Our Mission

We primarily research hemorrhagic shock, traumatic brain injury, exertional rhabdomyolysis and malignant hyperthermia. Intramural collaborations include the USU Department of Military and Emergency Medicine regarding exertional rhabdomyolysis. Past extramural research collaborations have included Walter Reed National Military Medical Center and the University of Pittsburgh Medical Center.

We foster student and resident research by including them in the process as their schedules allow.

A Legacy of Research


The brain is a highly metabolically active organ. It consumes approximately 20% of the total body oxygen, required for mitochondria to produce cellular ATP. This ATP is used for cell survival and repair. Any damage to the mitochondrial ATP producing machinery is likely to induce brain damage and cognitive deficits. Therefore, early identification of mitochondrial damage and development of mitochondrial targeted therapies can lead to the effective therapeutic strategies for TBI.

In a collaborative study we found that patients with severe TBI and mitochondrial complex I deficiency in their blood had poor outcome and unfavorable neurological severity score during 18 months follow up compared with severe TBI and normal mitochondrial complex I activities.

We found that a blood-based dipstick test of mitochondrial damage can be used as an effective biomarker of brain injury severity in TBI patients.

This test requires only 50 ul blood, and can be used in the battlefield and in mass casualties to identify the changes in early mitochondrial damage due to global oxidative stress following TBI. Serial monitoring and optimization of blood C1 levels could aid in prognostication and potentially guide in using mitochondrial targeted therapies.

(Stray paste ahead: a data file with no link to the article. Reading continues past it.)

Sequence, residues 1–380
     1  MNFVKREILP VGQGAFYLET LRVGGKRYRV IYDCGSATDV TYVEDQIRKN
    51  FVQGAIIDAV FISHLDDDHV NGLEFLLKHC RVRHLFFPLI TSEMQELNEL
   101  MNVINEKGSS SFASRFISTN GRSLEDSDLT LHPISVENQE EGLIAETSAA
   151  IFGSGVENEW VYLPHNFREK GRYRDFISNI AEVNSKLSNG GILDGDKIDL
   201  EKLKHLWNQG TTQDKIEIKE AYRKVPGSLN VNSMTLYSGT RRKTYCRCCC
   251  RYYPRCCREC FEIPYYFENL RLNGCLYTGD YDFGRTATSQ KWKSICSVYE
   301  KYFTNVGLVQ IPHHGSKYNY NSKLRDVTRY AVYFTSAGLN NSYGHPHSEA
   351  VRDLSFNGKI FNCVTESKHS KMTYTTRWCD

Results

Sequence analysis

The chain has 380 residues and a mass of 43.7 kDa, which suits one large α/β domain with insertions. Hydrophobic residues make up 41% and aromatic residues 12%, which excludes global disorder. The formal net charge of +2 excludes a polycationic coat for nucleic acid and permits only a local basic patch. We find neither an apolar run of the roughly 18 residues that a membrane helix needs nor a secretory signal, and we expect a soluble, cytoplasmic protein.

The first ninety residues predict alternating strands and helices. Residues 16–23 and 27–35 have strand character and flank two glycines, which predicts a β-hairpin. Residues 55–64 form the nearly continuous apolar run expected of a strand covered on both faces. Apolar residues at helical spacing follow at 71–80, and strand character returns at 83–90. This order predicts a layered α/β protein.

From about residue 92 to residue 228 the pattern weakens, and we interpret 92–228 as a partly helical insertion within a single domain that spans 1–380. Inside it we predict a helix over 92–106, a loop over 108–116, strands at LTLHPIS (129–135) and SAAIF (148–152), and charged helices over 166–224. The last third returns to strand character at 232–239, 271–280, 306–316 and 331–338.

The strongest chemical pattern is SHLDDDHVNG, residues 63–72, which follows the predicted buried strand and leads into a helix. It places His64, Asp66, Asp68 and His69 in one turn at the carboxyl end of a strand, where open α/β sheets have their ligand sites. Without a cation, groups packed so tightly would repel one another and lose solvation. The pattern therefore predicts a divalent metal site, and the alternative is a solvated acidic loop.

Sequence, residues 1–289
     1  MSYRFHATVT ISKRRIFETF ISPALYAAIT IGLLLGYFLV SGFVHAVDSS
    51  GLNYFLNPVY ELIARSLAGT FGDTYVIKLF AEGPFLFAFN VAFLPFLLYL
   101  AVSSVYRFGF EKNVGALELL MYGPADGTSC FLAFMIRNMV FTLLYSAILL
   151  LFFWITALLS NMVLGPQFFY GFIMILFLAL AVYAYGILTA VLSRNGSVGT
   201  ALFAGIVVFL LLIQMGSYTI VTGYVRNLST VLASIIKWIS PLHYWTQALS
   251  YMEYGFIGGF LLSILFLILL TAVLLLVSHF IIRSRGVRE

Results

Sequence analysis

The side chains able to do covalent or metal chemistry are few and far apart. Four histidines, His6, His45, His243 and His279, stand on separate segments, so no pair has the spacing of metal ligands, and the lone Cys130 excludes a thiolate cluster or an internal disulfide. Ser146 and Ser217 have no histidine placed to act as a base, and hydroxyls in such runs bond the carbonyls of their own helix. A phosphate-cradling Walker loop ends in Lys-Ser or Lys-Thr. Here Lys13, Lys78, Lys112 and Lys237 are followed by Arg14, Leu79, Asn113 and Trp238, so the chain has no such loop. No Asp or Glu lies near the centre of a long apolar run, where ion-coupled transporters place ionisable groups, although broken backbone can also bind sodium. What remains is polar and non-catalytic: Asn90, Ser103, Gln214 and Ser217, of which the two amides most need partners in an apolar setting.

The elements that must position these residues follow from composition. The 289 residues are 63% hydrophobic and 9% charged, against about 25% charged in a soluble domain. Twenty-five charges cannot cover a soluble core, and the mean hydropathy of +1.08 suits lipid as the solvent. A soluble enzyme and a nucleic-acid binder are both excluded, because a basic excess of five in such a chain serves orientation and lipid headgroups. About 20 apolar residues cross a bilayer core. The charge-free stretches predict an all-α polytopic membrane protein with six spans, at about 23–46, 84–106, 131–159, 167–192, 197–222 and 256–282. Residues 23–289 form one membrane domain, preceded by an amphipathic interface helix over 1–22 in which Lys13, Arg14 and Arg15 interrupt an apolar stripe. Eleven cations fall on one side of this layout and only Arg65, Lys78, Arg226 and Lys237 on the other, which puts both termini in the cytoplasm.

Serotonin is commonly known as a “happy hormone”. Reduced serum serotonin has been associated with depression like symptoms in humans. Most of our service members returning from Iraq and Afghanistan wars have developed overlapping PTSD-like symptoms following TBI. Therefore, it is important to identify the early biomarkers to distinguish between TBI and PTSD.

We measured serum serotonin levels in adult male SD rats at 28 day post- blast TBI. These animals were also treated with either vehicle or sodium pyruvate (1g/kg/24h) for the duration of the experiments. We found that low serum serotonin levels following long- term (28 day) effects of bTBI suggest the possibility of stress like symptoms following blast exposure. We also found that pyruvate was effective in increasing the serum serotonin by day 28 in bTBI animals, suggesting the future possibility of pyruvate treatment in stress/PTSD.

The continuous monitoring of serum serotonin levels in TBI patients can predict the future progression of stress like symptoms/PTSD. Development of future serotonin targeted therapies can be helpful in the treatment of both TBI and as well as PTSD.


"The Department of Anesthesiology at the Uniformed Services University of the Health Sciences is dedicated to research focused on operational anesthesiology including trauma and resuscitation, acute and chronic pain management, and prolonged field care and malignant hyperthermia.  The research conducted by the Department of Anesthesia has a direct impact on combat casualty care."

Captain (Dr.) Arlene Hudson, U.S. Navy, Chair
Department of Anesthesiology